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How to get free or discounted prescription drugs during the coronavirus crisis

Pharmacies across the U.S. are stepping up to help consumers find affordable meds

Even before Dustin Quinn, 33, became one of the 30 million Americans to lose their jobs during the coronavirus pandemic, she was just getting by. Working 24 hours a week for $12.25 per hour at the front desk of a hotel in Fargo, N.D., she made enough, barely, to cover expenses.

So being laid off quickly triggered her own financial crisis. First, Quinn’s car was repossessed when she could no longer make car loan payments. Next, she was threatened with eviction from her apartment.

Another worry: How would she pay for her two anti-anxiety prescriptions?

At $60 for a three-month supply, it was sometimes a challenge to cover them even before she lost her part-time job. And now, with no income, no car, and possibly no place to live, she had no idea how she would be able to pay for her needed medication. And the prospect of being without them seemed frightening.

“Not having that secure paycheck every two weeks was tough,” Quinn says. “I was worried.”

Thankfully, for people in Quinn’s situation help is available.

For example, some small independent pharmacies are stepping up to help people in their communities get medication during the ongoing emergency. “Our first and only responsibility is to take care of our customers and our community,” says Tom DePietro, Pharm.D., owner of DiPietro’s Pharmacy in Dunmore, Pa., who started offering free prescriptions to the unemployed in March. “It’s worth it.”

Other pharmacies, including some large ones, such as certain CVS and Walgreens stores, are highlighting long-standing but not well-known programs that allow them to register with federal or state health clinics to provide prescriptions free or at sharply reduced prices.

Several hundred nonprofit pharmacies located across the country, often run by charities such as the Society of St. Vincent de Paul, say they have seen a spike in the people seeking their help, which can include providing free prescriptions to people in need.

There are other ways to get help with your drugs, too, including registering for programs offered by drugmakers and signing up for Medicaid.

That’s what ultimately helped Quinn. Her state, North Dakota, was one of 36 that, since the last recession in 2007 to 2009, has made it easier for people to sign up for Medicaid. Her application was quickly processed and approved, she says. And her next prescriptions will cost her only $2 each.

Here’s more about the ways you can get free or low-cost drugs during the ongoing crisis.

Talk with your local pharmacist

DiPietro remembers the exact moment he decided to offer unemployed people in his community free prescriptions. He was standing outside his house, watching his daughter drawing with chalk on the sidewalk, thinking how lucky he was—and how worried he was about people who had lost their jobs.

Soon after, he announced a new program: Show proof of unemployment and he will give local patients a 90-day supply of any generic drug they need. “I’m taking a loss on every prescription,” DePietro says.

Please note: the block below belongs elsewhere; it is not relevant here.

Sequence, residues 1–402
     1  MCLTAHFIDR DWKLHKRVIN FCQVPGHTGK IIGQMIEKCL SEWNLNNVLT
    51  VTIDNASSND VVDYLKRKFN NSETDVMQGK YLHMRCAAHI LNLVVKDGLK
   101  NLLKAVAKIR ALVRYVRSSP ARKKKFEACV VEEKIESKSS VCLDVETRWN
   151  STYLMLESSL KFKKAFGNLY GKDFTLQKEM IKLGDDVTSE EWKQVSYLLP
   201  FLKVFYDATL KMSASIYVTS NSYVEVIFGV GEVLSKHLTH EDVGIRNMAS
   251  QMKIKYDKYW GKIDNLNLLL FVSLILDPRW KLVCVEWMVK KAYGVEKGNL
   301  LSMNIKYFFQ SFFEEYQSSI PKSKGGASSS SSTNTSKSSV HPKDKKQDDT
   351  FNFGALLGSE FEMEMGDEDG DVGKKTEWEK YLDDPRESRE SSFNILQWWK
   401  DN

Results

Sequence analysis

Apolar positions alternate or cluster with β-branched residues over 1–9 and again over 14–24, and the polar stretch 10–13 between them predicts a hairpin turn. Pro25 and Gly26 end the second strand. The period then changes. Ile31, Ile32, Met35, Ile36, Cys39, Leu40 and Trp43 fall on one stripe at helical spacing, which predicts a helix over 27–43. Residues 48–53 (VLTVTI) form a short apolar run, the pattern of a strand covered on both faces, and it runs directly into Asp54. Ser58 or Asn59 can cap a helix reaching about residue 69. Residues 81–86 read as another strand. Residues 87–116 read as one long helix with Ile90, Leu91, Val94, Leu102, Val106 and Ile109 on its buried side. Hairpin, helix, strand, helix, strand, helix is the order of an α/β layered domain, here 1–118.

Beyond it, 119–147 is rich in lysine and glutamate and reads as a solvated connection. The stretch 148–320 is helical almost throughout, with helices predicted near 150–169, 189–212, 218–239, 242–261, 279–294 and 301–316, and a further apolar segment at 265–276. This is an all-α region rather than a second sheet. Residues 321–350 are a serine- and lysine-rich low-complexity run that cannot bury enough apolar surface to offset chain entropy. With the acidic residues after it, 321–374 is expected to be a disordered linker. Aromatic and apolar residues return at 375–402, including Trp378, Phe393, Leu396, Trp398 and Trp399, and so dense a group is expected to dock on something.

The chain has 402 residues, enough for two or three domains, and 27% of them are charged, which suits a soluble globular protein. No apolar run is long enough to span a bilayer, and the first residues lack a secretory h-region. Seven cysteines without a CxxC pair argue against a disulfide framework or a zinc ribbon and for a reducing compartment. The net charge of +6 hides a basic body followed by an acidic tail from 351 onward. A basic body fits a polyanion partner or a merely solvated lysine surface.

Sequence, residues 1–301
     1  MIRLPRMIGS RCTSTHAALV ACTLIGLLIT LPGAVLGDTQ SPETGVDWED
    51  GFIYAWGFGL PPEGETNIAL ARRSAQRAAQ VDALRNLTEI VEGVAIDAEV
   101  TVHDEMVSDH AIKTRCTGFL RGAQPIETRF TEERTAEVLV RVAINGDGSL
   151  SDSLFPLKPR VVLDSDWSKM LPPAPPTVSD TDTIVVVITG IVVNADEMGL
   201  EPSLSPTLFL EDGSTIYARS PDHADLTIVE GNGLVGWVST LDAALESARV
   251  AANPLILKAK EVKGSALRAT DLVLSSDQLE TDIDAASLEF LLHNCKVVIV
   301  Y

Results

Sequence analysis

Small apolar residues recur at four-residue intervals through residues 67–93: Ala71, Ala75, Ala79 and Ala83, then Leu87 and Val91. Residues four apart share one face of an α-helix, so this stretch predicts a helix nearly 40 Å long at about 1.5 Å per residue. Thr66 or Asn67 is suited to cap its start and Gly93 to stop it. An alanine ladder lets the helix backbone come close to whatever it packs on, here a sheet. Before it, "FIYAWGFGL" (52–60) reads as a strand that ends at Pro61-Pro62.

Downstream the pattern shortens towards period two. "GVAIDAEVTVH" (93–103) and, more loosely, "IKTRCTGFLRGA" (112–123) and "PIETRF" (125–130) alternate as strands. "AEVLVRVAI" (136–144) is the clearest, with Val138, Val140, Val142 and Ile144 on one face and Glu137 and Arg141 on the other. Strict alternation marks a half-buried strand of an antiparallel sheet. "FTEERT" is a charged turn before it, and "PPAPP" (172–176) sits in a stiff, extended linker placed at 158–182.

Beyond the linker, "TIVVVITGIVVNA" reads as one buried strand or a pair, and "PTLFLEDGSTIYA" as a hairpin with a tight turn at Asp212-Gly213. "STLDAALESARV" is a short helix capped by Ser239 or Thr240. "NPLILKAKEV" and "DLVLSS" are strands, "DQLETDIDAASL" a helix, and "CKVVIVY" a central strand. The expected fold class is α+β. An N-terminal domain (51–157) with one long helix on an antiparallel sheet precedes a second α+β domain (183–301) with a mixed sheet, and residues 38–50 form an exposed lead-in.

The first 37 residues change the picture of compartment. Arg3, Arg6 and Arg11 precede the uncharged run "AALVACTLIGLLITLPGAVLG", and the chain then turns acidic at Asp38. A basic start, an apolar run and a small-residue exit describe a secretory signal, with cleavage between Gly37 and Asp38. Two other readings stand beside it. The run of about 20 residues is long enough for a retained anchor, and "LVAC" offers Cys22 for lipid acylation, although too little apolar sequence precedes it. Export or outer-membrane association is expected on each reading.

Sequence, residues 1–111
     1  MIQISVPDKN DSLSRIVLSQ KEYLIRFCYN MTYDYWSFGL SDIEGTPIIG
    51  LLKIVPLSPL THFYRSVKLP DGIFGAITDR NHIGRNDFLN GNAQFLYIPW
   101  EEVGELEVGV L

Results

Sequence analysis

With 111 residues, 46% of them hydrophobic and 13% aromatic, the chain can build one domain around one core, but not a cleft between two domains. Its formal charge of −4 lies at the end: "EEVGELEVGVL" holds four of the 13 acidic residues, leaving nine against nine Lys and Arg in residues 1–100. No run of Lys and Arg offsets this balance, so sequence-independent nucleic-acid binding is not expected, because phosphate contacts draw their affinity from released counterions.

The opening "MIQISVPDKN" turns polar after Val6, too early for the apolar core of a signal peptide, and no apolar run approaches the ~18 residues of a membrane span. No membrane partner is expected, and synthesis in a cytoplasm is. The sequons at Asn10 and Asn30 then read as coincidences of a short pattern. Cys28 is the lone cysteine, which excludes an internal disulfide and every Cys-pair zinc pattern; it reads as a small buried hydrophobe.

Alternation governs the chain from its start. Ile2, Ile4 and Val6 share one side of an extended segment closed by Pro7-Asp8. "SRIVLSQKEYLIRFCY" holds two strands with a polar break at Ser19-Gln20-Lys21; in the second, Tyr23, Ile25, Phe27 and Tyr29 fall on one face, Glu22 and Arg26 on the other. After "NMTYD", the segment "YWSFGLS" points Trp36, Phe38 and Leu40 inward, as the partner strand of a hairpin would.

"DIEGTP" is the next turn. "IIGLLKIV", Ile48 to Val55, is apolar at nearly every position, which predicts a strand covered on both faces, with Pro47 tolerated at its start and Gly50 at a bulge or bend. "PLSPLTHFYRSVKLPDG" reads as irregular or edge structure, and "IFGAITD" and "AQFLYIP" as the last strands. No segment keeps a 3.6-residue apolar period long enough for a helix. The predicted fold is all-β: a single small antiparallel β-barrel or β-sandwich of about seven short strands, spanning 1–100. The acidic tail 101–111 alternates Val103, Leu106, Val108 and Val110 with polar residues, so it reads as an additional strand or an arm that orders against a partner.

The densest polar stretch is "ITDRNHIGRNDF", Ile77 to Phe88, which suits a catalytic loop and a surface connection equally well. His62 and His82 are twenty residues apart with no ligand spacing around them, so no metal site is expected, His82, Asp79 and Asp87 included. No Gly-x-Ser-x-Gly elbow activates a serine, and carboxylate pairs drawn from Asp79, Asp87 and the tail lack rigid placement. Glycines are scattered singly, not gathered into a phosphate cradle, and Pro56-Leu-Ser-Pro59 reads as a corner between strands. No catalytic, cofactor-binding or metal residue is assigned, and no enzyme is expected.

“No one is paying me for this.” He estimates it will cost him upward of $10,000. But, he says, “It’s worth it.”

News of his response to the crisis spread to Pittsburgh, prompting another store, Asti’s Pharmacy, to offer a similar program for its local customers. Provide proof you lost your job, and co-owner Chris Antypas, Pharm.D., will give you a 90-day supply of most generic drugs free of charge.

Even though the pharmacy has promoted its new program, “most patients still may not be aware we offer it,” Antypas says.

So if you’re struggling financially to get the drugs you need, he recommends asking your local independent pharmacist if they can help out. “Ask if they have any specific savings programs that could help you,” he says, “otherwise they might not be aware you’re facing a hardship.”

Even if you haven’t lost your job, "pharmacists are experts at finding low-cost, affordable options for patients,” Antypas says.

Look for pharmacies that partner with community health centers

Nearly a quarter of pharmacies across the country participate in a federal program—called "340B" in industry lingo—that allows them to partner with publicly supported community health centers that offer free or reduced-cost drugs to people in need.

Wolker Drugs, in Baxter Springs, Kan., is a 340B pharmacy. Patients treated at nearby Baxter Springs Community Health Center of Southeast Kansas who come to the pharmacy with a prescription can get medication at a very low cost, says Brian Caswell, president of the pharmacy and president of the National Community Pharmacists Association.

Some pharmacies that belong to large national chains are also designated as 340B pharmacies. Walgreens has the most, according to the Drug Channels Institute, an industry research group, while some Albertsons, CVS, Rite Aid, and Walmart pharmacies also participate.

To find a community health center in your area, use the Find a Health Center tool run by the federal Health Resources & Services Administration.

Or Caswell recommends simply calling drugstores in your area until you find one that says it is a 340B pharmacy. Then ask for the name of the health center in the community that they partner with to make an appointment to see whether you qualify for reduced-cost care and prescriptions.

Consider a charitable pharmacy

Some pharmacies are registered nonprofits, often staffed by volunteer pharmacists and technicians, and typically rely on private donations and small grants to provide free prescriptions to those in need.

These charitable pharmacies number several hundred throughout the U.S., usually in large metro areas or rural locations, according to the National Association of Free and Charitable Clinics.

Faith Community Pharmacy in Florence, Ky., is one. During the coronavirus crisis, it has offered a two-month supply to anyone in the local community who says they need it, says Aaron Broomall, executive director of Faith Community Pharmacy. He says it has seen a 20 percent increase in patients since the outbreak began.